PSN-L Email List Message
Subject: Re: Burning Questions
From: Brett Nordgren Brett3mr@.............
Date: Sat, 05 Jan 2008 10:12:06 -0500
re: 2) Almost all modern commercial sensors use some form of an astatic
See fig. 10 of http://jclahr.com/science/psn/wielandt/node15.html
With careful design and very careful adjustment, even quite a small
pendulum (2") can be made to have a long free period. However, such a
setup is very prone to drift from temperature and other changes and is only
useful when it is combined with feedback such as Chris describes, to
broaden its frequency response curve and stabilize its tendency to 'wander'.
In such an instrument the real benefit of the long free period is to make
it easier for the feedback to accurately control its motion. Long free
period = low restoring force = less feedback force needed to control the
At 09:22 AM 1/4/2008 -0600, you wrote:
>While everyone has their "Thinking Caps" on from Ted's excellent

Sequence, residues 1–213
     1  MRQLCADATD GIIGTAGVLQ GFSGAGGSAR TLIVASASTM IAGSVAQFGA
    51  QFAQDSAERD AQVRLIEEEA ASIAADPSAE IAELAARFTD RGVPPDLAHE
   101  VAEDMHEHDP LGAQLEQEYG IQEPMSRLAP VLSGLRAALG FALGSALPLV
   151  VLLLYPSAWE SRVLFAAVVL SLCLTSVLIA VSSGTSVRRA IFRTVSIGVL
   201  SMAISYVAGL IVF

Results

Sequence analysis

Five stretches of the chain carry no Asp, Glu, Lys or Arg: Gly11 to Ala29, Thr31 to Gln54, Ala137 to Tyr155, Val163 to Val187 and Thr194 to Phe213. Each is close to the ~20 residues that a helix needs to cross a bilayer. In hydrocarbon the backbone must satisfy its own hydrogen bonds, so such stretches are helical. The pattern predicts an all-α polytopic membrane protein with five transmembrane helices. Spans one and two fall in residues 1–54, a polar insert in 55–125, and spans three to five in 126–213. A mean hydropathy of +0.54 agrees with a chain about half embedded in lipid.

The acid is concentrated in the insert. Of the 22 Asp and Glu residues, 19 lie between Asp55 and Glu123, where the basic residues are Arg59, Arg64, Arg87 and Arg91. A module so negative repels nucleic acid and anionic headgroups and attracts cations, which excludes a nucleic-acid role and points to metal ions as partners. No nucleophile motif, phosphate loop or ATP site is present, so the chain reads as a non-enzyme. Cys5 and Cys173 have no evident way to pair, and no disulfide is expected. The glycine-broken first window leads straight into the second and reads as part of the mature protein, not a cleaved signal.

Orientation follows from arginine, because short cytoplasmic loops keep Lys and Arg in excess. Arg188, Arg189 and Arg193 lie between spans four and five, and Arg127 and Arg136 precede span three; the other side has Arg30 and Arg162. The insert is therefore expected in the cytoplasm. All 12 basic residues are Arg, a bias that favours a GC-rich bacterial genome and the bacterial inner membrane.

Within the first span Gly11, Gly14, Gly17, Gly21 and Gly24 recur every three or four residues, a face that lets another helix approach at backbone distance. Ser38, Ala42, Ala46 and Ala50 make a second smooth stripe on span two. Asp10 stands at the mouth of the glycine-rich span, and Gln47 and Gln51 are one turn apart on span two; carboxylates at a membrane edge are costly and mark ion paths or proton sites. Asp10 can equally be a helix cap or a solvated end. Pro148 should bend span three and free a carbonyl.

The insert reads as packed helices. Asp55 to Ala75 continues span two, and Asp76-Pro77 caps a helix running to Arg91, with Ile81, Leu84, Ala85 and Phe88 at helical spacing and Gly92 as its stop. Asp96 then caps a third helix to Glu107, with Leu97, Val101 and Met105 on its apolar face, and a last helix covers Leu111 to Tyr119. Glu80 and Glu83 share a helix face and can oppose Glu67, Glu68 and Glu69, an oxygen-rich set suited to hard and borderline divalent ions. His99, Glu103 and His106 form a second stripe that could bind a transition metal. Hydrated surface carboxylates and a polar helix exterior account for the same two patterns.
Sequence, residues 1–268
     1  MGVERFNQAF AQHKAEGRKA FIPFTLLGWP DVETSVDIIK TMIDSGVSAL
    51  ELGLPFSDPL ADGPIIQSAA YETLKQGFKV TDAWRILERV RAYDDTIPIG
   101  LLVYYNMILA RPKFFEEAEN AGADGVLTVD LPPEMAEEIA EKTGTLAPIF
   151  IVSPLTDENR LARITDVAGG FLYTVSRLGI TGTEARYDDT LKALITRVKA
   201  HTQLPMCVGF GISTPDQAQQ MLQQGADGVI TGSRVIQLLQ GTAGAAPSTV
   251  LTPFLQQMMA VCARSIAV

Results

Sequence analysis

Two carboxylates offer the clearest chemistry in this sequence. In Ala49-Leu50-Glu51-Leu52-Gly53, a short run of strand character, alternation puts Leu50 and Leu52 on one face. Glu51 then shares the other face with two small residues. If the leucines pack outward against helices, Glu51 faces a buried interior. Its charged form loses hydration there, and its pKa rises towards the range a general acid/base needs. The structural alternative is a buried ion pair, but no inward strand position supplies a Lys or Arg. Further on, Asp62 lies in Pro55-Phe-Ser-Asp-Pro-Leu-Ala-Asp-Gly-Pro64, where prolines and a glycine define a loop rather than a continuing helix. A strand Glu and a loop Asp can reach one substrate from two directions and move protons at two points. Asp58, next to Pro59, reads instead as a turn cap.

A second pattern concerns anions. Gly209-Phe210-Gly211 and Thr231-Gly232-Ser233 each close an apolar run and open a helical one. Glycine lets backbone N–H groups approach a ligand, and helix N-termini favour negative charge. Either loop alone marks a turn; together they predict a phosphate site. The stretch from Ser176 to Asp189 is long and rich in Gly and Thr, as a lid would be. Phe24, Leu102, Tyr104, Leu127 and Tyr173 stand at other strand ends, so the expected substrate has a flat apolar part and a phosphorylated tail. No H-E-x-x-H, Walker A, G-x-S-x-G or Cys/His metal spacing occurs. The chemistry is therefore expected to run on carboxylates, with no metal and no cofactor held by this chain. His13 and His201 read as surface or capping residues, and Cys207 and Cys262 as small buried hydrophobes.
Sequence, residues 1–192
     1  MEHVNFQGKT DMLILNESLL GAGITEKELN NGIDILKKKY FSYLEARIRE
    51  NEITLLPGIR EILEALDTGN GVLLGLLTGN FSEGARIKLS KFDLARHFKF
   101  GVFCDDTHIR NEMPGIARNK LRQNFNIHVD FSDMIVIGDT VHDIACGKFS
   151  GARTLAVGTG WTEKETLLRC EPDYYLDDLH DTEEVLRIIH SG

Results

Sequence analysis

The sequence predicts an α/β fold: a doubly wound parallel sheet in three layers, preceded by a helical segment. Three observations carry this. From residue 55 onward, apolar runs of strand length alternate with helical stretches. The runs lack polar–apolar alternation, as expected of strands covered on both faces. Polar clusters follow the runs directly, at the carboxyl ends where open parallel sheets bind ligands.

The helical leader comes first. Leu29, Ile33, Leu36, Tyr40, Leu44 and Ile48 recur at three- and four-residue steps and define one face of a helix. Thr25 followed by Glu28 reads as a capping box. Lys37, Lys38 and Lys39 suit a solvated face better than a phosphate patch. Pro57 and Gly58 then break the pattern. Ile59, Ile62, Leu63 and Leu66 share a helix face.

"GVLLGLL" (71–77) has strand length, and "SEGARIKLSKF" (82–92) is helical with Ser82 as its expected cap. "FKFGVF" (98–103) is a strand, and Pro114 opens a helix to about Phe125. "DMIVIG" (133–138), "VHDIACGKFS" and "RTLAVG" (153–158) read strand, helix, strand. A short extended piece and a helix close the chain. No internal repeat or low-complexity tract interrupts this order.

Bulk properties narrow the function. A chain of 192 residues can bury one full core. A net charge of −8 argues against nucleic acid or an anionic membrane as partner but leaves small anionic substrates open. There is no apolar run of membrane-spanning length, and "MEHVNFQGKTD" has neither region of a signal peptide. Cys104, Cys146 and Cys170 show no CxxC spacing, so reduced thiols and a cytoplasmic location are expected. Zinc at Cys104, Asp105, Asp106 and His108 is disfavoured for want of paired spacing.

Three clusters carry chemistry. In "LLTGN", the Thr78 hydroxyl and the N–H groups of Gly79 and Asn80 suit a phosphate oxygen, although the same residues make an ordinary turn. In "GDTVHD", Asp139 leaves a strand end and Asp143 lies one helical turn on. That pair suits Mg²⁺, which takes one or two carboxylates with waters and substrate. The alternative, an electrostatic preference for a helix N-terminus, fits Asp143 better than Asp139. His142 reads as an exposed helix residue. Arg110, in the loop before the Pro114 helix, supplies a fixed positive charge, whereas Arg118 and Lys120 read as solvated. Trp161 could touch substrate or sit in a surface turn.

>questions, I have a couple that have been smoldering for some time:
>1) Months ago I posted an event and I received an email commenting on
>it. He said, "It was very good, but I might try improving my
>P-wave." HOW does one "improve" one phase over another? It seems that
>the P-wave is always less stronger.
>2) Much has been written about the length of a pendulum needing to be
>long to be effective for teleseismic detection. However, the commercial
>devices are quite compact and obviously have short pendulums. Can someone
>explain how they accomplish what they do with short pendulums?
>Thank you for "thinking for me."
My e-mail address above should be working, but if not
you can always use my mail form at: http://bnordgren.org/contactB.html
using your Web browser.
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